folded after its second issue.
To me, Duke's essay smacked of disappointment and envy. After all, his
works received nowhere near the number of performances as Stravinsky's,
and his late music pretty much sank without so much as little bubbles
popping on the surface. I don't know if he even composed anything after
I wish I could report that I found these works neglected masterpieces.
After all, it gives me a thrill when I think I've discovered one. These
works are well-made and diverting, but little more. Listeners forgot
them, not because Stravinsky was a glory hound, but because they weren't
strong enough to hang on. The piano concerto, in one continuous go,
seems held together with duct tape and spit. When Duke runs out of gas
with one idea, he drops it and goes on to something else, without any
development that I can hear. You could of course say the same thing
about much of Poulenc, but Poulenc has genius themes. Duke doesn't come
close. To give a pretty hefty favorable opinion, however, I should say
that Gershwin admired one of the lyrical ideas and kept asking Duke to
play it at parties. As far as I'm concerned, however, not one theme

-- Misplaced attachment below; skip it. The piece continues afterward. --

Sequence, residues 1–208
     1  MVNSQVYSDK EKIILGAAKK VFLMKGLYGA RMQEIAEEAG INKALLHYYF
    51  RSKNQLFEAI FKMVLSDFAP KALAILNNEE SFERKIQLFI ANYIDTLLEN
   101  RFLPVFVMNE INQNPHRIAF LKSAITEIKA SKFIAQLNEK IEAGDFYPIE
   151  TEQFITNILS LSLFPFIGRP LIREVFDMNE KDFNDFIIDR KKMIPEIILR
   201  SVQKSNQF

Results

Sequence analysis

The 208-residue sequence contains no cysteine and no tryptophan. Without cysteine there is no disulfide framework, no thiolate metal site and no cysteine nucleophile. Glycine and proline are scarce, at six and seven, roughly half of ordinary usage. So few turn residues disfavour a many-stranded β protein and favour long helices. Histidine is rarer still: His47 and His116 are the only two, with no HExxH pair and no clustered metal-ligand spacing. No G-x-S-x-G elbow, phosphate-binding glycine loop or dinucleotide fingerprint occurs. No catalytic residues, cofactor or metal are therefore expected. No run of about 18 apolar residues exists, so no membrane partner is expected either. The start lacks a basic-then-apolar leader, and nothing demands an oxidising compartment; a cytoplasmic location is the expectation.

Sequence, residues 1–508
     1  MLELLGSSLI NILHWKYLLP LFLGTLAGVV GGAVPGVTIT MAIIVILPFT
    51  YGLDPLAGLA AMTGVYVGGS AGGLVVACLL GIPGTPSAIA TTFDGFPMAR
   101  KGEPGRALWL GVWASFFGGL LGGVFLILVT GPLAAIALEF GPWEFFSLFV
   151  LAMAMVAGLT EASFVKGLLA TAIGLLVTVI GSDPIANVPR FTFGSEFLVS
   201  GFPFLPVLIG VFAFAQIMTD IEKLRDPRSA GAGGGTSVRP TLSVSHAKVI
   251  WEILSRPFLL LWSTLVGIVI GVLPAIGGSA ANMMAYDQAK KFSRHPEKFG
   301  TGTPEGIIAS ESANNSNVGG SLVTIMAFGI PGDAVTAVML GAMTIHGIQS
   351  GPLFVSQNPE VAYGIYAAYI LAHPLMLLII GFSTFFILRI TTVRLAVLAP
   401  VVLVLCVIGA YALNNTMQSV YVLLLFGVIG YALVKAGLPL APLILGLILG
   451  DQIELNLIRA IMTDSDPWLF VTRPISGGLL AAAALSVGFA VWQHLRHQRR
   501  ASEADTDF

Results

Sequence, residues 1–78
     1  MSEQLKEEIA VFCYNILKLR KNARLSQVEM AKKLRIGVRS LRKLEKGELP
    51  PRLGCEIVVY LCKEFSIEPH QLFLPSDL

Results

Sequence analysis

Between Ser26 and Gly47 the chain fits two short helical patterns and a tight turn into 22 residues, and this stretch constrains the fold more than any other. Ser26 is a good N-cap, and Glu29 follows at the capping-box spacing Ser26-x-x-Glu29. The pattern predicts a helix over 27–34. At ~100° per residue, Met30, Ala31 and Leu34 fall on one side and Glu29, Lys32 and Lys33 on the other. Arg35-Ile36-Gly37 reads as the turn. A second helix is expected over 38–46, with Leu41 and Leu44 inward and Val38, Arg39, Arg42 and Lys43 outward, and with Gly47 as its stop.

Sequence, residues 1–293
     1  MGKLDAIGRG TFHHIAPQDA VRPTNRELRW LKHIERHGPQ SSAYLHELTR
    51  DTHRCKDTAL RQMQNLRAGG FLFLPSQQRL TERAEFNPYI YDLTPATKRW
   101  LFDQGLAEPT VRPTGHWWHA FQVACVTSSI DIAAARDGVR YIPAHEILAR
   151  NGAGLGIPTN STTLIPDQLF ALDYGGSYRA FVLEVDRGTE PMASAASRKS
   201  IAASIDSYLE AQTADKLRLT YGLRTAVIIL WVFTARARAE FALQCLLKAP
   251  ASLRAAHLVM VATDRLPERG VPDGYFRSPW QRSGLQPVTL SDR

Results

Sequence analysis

comes up to anything in Gershwin's own piano concerto. Furthermore, you
hear echoes of Prokofiev and Stravinsky without getting either a coalescence
into something individual or something as good as the models.
The cello concerto of 1945, written for Piatigorsky, has altogether
bigger ambitions. In three formal movements, it nevertheless suffers
from the same formal problems as the piano concerto, although to a lesser
degree. The best part is formally the simplest: the slow second movement,
very beautiful in a quiet way. The finale has arresting moments, although
for the life of me I can't recall what they are. Duke has added Gershwin
and Shostakovich to his gallery of models - to me, a function of the
times, when both composers' works enjoyed booms. Indeed, American
publishers, at any rate, were asking composers to write "like Gershwin."
The Homage to Boston, a suite of miniatures for solo piano, runs pleasantly
enough, like a new Chevy. However, it really doesn't stay with you all
that long. A miniature needs a distinctive idea that, in lieu of intricate
development, keeps the listener's interest. I heard this suite five
times and forgot it each time. I can't tell you one theme. If I heard
it again, I doubt I could tell you what it was or who wrote it.
Still, we don't listen with our entire souls all the time. Now and then,
we need something that occasionally prods us for a few seconds before
blending comfortably back into the wallpaper. The performances are fine.
Dunn's orchestration for the piano concerto seems as good as Duke's for
the cello concerto.
By the way, don't take my word for any of this. Check out Robert Cummings's
review on http://www.classical.net/music/recs/reviews/n/nxs59286a.php for a
far more favorable opinion than mine.